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Appeal court hears case of man acquitted in shooting that left woman paralyzed

Crown wants new trial for Markel Jason Downey

3 min read
caption The Nova Scotia Supreme Court is pictured on Feb.14
Matt MacNeil

The Nova Scotia Court of Appeal is being asked to order a new trial for a Cole Harbour man acquitted of attempted murder in a home invasion.

On Wednesday in a Halifax courtroom, Crown attorney Mark Scott said the original trial judge, Michael J. Wood, was mistaken in how he weighed evidence against Markel Jason Downey.

Downey, 22, was one of four men accused of forcing their way into a home in Cole Harbour in November 2014 and shooting three people.

He was acquitted of all 28 charges in February 2017.

Scott reminded the appeal court panel of a statement that victim Ashley MacLean made during her testimony. She testified that while in an ambulance after the shooting she said, “I saw him. And I heard him. And I know him.”

MacLean was shot in the spine and was left paralyzed from the neck down and confined to a wheelchair. She was 18 at the time. Two other male victims were injured but made full recoveries.

Patrick MacEwan, Downey’s lawyer, argued Wood was correct in saying MacLean could have been mistaken.

“Simply because it’s an early identification, does not make it a correct identification,” MacEwan said in court.

MacLean was the only witness to identify Downey as her shooter. Wood found her testimony alone was not enough to convict Downey.

MacEwan argued the judge was right in his decision that MacLean’s testimony was insufficient evidence. He questioned MacLean’s recollection of her shooter. She said he wore an all red tracksuit, while the other witnesses claim he was dressed in black.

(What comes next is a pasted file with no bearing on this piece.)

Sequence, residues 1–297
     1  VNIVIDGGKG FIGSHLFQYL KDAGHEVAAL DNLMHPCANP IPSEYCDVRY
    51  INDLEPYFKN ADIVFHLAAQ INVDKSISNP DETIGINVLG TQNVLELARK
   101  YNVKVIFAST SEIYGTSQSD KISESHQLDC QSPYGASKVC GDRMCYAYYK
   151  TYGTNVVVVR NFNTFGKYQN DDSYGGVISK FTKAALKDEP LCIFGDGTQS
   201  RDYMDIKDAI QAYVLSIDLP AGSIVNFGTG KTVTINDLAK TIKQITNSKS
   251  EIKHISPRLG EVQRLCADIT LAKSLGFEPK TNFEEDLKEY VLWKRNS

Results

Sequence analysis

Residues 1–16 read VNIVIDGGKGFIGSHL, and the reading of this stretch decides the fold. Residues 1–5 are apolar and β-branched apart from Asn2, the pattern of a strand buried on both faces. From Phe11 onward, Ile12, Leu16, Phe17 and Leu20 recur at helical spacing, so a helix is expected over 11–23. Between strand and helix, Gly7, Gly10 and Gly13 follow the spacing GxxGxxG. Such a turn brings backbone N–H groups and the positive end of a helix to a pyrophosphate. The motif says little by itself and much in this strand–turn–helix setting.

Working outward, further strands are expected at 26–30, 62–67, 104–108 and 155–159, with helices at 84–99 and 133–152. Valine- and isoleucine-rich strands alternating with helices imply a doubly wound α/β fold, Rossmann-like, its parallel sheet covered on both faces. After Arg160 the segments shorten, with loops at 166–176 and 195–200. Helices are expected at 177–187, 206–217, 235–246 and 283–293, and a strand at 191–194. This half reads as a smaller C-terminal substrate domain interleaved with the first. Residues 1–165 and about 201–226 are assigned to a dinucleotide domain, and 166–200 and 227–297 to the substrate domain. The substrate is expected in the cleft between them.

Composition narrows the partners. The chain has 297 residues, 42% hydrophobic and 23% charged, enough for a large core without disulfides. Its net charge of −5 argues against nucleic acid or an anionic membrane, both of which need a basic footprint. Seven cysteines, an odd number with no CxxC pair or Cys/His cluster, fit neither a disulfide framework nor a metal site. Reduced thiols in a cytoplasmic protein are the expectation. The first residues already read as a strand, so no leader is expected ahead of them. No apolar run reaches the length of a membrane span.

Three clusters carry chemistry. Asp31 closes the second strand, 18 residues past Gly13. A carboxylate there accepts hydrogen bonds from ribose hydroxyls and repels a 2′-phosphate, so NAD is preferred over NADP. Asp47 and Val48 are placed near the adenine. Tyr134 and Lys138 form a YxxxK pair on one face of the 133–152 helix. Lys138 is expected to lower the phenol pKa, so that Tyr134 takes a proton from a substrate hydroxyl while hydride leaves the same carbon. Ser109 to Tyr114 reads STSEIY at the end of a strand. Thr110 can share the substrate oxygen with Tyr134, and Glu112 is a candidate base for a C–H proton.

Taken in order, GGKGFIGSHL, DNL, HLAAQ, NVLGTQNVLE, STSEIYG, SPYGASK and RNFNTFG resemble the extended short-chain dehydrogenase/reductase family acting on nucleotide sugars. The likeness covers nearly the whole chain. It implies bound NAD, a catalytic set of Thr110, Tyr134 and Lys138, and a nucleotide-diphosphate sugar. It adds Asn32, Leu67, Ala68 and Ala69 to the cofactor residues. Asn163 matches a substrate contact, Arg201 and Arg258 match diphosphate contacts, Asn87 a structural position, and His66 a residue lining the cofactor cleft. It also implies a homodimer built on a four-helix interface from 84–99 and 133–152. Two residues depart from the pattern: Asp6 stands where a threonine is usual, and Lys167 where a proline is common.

“She was wrong about the one key feature that she said stood out more than anything else,” MacEwan told the appeal panel.


Another piece of evidence mentioned at the hearing was a single particle of gunshot residue found on Downey’s hand three hours after the shooting. It was the only forensic evidence presented in the original trial.

MacEwan defended Wood’s conclusion that the gunshot residue may not have come from Downey firing a gun. Wood noted in his decision that the gunshot residue could have come from the officer who arrested Downey or the back of a police car.

Scott told the appeal court the original trial judge erred when he held MacLean’s testimony to too high of a standard.

Scott argued Wood should have looked at all the evidence as a whole, instead of weighting each piece individually, saying the approach revealed “some degree of piecemealing” by the trial judge.

“Sometimes the whole is much, much greater than the sum of its parts,” he told the court. “Ms. MacLean’s evidence was left alone and left in strands.”

The three others accused in the home invasion were all youths at the time, so their identities are protected by the Youth Criminal Justice Act. They all pleaded guilty to lesser charges in 2015.

Appeals court Justices David Farrar, Jamie Saunders and Cindy Bourgeois have reserved their decision until a later date.

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